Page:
It also included an explosive senior season at Cypress Woods High School, where Collins helped catapult the team to a 40-4 record, contributing 305 kills, 51 aces, 318 digs, 1,313 assists and 62 blocks. That season landed her a spot among honorees on the Under Armour High School All-America First Team. 

Collins opted to leave Cypress Woods a semester early and enroll at Texas.

“It was an all-around great decision,” Collins said. “I was able to get ahead in academics, as well as learning the offense and defense at Texas.”

As spring play commenced, Collins suited up and went onto the court without hesitating. In her first game at Gregory Gym, a 3-2 win over Wichita State in April, she tallied 18 assists, four kills and three digs.

“We had the best friends here yelling and cheering and the atmosphere was amazing,” Collins said of her first game. “Having the support that we have here and the team being so supportive of us coming in is great.”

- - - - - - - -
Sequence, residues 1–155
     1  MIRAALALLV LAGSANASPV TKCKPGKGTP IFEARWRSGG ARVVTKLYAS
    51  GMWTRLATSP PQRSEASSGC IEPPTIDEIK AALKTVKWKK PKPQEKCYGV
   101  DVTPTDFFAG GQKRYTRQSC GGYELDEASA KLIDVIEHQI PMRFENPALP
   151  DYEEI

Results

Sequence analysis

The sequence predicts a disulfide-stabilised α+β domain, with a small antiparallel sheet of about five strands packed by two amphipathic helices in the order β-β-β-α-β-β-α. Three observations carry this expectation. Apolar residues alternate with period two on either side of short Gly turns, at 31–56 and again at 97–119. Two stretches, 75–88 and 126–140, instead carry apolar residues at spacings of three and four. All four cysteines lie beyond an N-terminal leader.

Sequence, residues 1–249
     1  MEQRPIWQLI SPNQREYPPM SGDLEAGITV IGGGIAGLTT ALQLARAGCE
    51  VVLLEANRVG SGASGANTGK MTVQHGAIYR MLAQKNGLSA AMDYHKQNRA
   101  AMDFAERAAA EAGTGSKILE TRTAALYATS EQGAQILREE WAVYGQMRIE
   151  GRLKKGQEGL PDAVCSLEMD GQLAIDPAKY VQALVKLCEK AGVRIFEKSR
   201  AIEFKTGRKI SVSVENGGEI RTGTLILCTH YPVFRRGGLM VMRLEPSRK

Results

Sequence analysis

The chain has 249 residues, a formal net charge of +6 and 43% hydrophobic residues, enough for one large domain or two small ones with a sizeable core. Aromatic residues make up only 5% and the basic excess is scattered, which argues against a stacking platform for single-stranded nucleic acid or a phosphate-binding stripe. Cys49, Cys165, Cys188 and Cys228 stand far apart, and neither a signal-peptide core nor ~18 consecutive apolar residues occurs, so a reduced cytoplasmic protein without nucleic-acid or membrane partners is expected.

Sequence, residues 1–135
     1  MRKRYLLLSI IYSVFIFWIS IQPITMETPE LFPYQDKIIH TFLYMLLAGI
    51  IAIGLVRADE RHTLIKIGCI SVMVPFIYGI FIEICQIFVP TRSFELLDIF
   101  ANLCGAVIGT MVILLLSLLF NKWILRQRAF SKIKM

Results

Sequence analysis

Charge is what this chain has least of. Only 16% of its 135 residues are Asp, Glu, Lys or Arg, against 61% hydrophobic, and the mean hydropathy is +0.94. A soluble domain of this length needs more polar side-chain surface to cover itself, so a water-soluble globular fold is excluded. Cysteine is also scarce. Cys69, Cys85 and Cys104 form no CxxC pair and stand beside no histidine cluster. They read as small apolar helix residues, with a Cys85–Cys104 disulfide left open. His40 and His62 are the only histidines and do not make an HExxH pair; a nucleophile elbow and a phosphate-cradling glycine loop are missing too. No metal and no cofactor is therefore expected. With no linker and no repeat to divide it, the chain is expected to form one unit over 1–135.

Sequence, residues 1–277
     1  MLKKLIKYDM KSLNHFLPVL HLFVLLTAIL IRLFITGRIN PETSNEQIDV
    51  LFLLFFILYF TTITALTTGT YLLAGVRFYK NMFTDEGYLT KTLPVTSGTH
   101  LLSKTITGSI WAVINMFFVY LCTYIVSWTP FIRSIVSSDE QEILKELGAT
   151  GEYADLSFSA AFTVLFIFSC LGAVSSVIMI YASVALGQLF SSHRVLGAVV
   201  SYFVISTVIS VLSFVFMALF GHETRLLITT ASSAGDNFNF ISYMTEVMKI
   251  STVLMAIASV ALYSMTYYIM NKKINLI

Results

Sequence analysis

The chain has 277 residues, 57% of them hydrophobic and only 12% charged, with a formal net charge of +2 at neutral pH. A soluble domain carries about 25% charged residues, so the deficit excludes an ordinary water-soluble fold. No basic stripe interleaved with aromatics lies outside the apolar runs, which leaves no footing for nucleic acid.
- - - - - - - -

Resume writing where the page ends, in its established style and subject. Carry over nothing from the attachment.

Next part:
The spring semester in Austin allowed Collins to fine-tune her competence on the court, as well as work on her time management skills, responsibility and priorities. She found a mentor in senior setter Hannah Allison, a team leader who helped pave the way for the Longhorns’ national championship.

As the team’s fall schedule kicked off, Collins added a match-leading 33 assists against UTEP in Honolulu. Against Penn State, the No. 1 team in the country at the time, Collins added her first double-double of the season with 22 assists and 16 digs. Her second straight double-double came the following day against No. 2 Stanford. 

While Collins didn’t expect to contribute so much at the start of the season, head coach Jerritt Elliott quickly saw potential, calling her “one of the best pure athletes I have ever coached.”

Collins, who cranks up music and dances before games to shake out the jitters, has quickly established herself as an enthusiastic presence on the court. 

“It can be a little whiffer ball and I’ll get crunk on it because it’s a point,” Collins said. “Just being on the court really excites me because I have a passion.”